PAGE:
Help Wives of the Missing in Nepal Speak Out

A microproject by The Advocacy Project Vetted since 2015 Top Ranked Effective Nonprofit
Help Wives of the Missing in Nepal Speak Out
Help Wives of the Missing in Nepal Speak Out
Help Wives of the Missing in Nepal Speak Out
Help Wives of the Missing in Nepal Speak Out
Help Wives of the Missing in Nepal Speak Out
Help Wives of the Missing in Nepal Speak Out
Help Wives of the Missing in Nepal Speak Out
Help Wives of the Missing in Nepal Speak Out
Help Wives of the Missing in Nepal Speak Out
Help Wives of the Missing in Nepal Speak Out
Help Wives of the Missing in Nepal Speak Out
Help Wives of the Missing in Nepal Speak Out
Help Wives of the Missing in Nepal Speak Out
Help Wives of the Missing in Nepal Speak Out
Help Wives of the Missing in Nepal Speak Out
Help Wives of the Missing in Nepal Speak Out
Help Wives of the Missing in Nepal Speak Out
Help Wives of the Missing in Nepal Speak Out
Help Wives of the Missing in Nepal Speak Out
Kancham, proud of her Tiger bag!
Kancham, proud of her Tiger bag!

This report is offered to friends of The Advocacy Project who very kindly donated to a 2016 appeal that we launched on GlobalGiving on behalf of 35 remarkable women in western Nepal. This is one of five appeals that we have launched for the group. The fifth was posted late last year and is still active.

All 35 women lost loved ones to the disappearances during the conflict in Nepal (1996-2006). It is not surprising that they are still haunted by the memory. The group’s coordinator, Sarita, lost her father after he was falsely accused of Maoist sympathies by a relative. Sarita and her mother were then driven from the village. Sarita's husband died from a snakebite shortly afterwards. Poojah saw her father taken away by the army, never to return, and is still demanding an explanation - even though she is married to a soldier. Most older members of the group work in the fields for a pittance. They need justice. They also need money.

The women live in the district of Bardiya. AP began to support them through Global Giving in 2015. So far, our appeals have raised $15,735 for the cooperative from 259 generous donors, including yourself. We launched the first appeal in 2015 for three partners in Nepal, including the Bardiya cooperative, and divided the proceeds between them.

AP was set up to support community-based associations like the Bardiya cooperative that are led by determined survivors of abuse like Sarita. But we – and the women – also understand that it will take more than determination to produce sustained benefits for the group members.

And this is why they are making bags.

They began in 2016 by using embroidery to describe the disappearance of their loved ones, often in graphic detail. The following year they turned from human rights to the environment, and made squares about the tigers that live in the nearby Bardiya National Park. AP brought the squares to the US where they were assembled into three delightful quilts by Bobbi, a talented quilter from North Carolina.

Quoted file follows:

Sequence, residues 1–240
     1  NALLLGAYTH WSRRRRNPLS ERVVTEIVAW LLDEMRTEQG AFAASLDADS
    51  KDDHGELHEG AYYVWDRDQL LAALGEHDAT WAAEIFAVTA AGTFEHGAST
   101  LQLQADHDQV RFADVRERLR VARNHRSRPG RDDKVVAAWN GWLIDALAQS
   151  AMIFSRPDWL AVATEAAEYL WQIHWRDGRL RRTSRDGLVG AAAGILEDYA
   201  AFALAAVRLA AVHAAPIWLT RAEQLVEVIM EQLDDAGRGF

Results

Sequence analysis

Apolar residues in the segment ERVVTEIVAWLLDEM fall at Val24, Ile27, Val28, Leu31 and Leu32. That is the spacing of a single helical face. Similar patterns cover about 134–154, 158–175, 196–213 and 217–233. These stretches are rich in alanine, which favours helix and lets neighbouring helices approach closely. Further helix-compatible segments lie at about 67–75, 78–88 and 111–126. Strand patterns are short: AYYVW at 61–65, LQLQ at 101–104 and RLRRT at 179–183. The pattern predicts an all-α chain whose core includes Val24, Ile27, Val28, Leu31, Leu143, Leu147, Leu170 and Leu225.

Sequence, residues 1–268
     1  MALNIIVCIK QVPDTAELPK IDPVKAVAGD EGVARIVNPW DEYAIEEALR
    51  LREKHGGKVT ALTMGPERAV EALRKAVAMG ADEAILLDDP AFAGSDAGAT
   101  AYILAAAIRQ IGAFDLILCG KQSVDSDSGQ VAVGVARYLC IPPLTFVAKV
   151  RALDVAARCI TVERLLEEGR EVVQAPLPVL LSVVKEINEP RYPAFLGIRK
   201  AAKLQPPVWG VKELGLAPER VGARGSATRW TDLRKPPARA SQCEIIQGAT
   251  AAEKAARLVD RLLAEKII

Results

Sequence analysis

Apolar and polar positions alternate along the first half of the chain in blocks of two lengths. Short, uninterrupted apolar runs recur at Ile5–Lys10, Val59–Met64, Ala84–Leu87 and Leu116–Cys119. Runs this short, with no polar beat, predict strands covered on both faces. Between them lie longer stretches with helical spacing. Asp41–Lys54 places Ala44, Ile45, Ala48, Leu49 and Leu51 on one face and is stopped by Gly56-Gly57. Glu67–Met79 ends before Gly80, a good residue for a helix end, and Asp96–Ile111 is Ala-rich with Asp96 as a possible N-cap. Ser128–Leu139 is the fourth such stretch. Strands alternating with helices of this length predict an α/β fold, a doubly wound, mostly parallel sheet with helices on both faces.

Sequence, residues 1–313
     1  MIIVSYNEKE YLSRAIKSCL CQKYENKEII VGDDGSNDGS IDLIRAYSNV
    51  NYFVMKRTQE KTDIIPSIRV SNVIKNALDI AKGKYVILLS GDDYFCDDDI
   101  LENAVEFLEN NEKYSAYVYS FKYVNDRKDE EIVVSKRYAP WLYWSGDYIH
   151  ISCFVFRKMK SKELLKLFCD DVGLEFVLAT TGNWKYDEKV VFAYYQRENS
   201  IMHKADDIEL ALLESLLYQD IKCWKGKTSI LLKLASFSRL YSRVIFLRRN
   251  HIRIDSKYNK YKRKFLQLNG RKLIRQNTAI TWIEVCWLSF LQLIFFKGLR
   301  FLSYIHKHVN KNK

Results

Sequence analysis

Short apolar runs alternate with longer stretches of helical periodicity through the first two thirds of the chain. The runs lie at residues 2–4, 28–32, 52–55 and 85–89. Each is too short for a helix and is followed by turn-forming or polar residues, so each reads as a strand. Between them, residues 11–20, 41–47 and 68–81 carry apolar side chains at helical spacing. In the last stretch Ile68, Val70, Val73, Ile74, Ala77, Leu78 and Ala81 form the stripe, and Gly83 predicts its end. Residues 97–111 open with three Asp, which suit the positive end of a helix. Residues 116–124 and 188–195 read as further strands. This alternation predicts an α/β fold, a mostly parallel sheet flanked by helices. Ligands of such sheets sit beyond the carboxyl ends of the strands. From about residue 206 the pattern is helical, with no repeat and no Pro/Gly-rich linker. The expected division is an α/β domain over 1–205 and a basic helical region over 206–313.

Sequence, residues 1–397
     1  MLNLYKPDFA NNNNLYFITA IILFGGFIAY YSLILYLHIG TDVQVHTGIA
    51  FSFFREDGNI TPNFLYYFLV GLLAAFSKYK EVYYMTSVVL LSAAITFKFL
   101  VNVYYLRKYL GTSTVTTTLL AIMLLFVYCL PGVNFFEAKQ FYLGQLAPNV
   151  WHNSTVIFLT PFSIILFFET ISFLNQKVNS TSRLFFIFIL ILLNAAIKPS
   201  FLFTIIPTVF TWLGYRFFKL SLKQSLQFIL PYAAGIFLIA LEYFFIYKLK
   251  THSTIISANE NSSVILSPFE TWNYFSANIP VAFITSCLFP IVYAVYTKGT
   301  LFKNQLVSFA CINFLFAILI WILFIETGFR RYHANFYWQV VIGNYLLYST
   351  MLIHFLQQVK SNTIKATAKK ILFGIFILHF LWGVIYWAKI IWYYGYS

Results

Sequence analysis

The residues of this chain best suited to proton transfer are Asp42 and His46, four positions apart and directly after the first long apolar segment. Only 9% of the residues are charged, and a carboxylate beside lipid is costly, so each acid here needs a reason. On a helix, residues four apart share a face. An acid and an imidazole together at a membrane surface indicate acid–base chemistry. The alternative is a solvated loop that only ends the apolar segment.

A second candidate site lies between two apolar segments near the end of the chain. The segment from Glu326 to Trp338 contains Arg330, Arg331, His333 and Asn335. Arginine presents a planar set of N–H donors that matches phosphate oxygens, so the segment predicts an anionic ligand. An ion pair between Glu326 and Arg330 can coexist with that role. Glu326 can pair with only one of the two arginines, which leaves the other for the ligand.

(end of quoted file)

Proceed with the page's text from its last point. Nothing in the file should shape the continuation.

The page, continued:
The women of Bardiya then decided to go into business. They commissioned several shops in Kathmandu to turn their Tiger squares into bags, but were dissatisfied by the result. So they turned to Sarita, who made 30 sample bags at the end of 2018.

And this is where we now stand.

There is no doubt that this project has empowered these brave women. We pay $20 for each piece of embroidery, which puts money in the pockets of the women and gives them the chance to work together and learn new skills. They have shown discipline in sharing out their income at the end of the year. Helped by a new sewing machine, Sarita has become an excellent seamstress and teacher. She dreams of opening a store at the Bardiya National Park where her friends can sell tiger bags to tourists.

This dream, however, will only be realized if the group can sell bags, and this is proving difficult. We do not know why. It could be the quality of the bags, or the cost of production (which includes the $20 paid to artists), or simple competition in a country where every trekker and tourist owns a bag.

It is hard for AP to help from Washington, so we have decided that Bobbi the quilter and Iain from AP will visit Bardiya in April. Bobbi will help the women assemble their commemorative squares into an advocacy quilt to be exhibited in Nepal and the US. She will also advise Sarita on her bag-making – the first time (to our knowledge) that an American quilter has visited the Global South to provide such technical assistance. Iain will seek out markets at tourist lodges and shops in Kathmandu, help the cooperative to design a new business plan, and profile the group on the AP website. Whatever we raise on Global Giving will go to the cooperative.